I feel like I don't understand what the non-playoff teams DVOA actually means - Buffalo keeps moving around because of the success they had against teams continuing to play well in the playoffs? Doesn't having a wildly uneven number of games to compare between teams throw these numbers off? Philadelphia played games against 5 of the teams in the divisional round, but the Giants only played 2 - and then those teams still in the playoffs have played more games on top of that, obviously. It just seems something like Buffalo jumping up as Green Bay and New England continue to do well makes sense in theory but there's less chance for other teams to "catch up" to Buffalo's improvement because the good teams they played well against are no longer playing games. Or am I interpreting what's happening wrong? I just take the post-season numbers with a grain of salt...

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by Vincent Verhei :: Tue, 01/13/2015 - 2:53pm

If Buffalo is jumping up, it's because they had bad games early in the year that are no longer part of the weighted DVOA formula. Every week that passes, there's another game that drops out of weighted DVOA entirely, and other earlier games become smaller and smaller parts of the formula.

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by Sixknots :: Wed, 01/14/2015 - 12:01am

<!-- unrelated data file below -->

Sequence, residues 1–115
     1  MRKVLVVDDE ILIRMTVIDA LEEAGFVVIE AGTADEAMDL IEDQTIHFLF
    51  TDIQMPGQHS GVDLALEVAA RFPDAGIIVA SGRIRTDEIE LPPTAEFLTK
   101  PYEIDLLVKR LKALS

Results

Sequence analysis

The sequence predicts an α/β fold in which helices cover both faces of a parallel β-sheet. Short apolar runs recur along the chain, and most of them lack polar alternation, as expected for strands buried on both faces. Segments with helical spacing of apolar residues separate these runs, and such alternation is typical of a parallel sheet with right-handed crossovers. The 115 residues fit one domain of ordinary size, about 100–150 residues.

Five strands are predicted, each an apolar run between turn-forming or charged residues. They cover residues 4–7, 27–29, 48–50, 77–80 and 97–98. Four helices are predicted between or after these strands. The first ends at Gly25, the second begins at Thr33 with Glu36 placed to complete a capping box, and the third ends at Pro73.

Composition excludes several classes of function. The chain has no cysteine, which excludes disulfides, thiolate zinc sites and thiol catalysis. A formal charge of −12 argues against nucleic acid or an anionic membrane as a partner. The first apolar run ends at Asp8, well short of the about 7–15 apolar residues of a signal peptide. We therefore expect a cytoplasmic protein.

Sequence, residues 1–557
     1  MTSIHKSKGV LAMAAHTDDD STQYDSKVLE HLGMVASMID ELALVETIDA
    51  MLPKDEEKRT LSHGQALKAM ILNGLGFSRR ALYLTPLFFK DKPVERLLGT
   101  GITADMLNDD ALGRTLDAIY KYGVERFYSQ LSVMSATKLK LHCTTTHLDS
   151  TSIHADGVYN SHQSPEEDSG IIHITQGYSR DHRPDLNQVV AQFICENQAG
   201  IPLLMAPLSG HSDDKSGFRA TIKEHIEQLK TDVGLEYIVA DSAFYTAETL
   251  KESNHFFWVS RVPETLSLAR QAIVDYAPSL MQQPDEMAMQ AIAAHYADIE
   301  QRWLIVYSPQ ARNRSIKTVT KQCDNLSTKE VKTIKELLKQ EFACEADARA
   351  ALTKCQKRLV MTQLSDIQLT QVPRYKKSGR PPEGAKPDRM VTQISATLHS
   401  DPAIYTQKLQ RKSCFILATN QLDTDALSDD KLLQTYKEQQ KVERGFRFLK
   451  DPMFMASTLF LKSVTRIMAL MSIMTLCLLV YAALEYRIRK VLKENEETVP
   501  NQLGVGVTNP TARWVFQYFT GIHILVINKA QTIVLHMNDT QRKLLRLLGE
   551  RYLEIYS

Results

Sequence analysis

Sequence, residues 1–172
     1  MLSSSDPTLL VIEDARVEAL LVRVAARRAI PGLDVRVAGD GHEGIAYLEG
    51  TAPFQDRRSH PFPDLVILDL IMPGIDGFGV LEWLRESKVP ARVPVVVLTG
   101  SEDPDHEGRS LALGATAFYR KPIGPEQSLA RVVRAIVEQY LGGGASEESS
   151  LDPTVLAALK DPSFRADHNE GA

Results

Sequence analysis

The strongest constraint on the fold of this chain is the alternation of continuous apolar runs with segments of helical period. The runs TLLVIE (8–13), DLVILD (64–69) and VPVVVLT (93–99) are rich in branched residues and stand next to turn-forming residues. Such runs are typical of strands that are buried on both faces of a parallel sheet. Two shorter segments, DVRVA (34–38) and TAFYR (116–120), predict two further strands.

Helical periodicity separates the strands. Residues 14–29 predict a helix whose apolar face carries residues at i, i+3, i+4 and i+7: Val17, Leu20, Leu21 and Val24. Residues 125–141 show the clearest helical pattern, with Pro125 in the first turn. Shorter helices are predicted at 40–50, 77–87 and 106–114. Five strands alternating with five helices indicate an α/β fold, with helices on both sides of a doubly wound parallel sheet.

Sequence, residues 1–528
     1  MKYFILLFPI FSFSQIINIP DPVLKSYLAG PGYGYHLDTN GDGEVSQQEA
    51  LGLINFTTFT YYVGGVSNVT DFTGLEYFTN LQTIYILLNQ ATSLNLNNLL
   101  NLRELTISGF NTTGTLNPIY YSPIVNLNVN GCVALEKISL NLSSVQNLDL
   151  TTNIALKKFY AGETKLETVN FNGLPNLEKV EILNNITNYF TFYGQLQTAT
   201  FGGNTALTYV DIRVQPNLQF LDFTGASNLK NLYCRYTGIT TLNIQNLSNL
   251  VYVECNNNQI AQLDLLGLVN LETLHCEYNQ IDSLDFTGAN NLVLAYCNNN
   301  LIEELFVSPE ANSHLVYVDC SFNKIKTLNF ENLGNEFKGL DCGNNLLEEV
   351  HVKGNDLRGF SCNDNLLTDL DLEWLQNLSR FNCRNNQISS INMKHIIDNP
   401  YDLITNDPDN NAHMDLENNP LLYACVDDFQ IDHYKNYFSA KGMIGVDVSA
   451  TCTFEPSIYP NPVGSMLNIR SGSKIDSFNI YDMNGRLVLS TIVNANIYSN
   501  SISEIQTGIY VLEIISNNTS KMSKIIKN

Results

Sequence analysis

What IS the formula? Weeks 1 thru X are gone and X+1 thru Y are valued at ??

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by Vincent Verhei :: Wed, 01/14/2015 - 5:10am

Here's a short description with a link to a longer breakdown:

http://www.footballoutsiders.com/info/glossary#weighted_dvoa

I believe the specific weights have changed slightly since then, but the nuts and bolts are the same.

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by Sixknots :: Wed, 01/14/2015 - 12:44pm

It would seem that the weights have changed more than "slightly" since 2003. Aaron talks about weeks 1-4 and maybe more completely dropping off. That doesn't happen in the 2003 formula (which is where the link takes you).

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by RickD :: Tue, 01/13/2015 - 6:19pm

Washington was definitely a worse team in the second half. They went from 3-5, coming off an impressive win in Dallas, to finish by losing 7 of their last 8 games.

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by ODBvernon :: Wed, 01/14/2015 - 8:32pm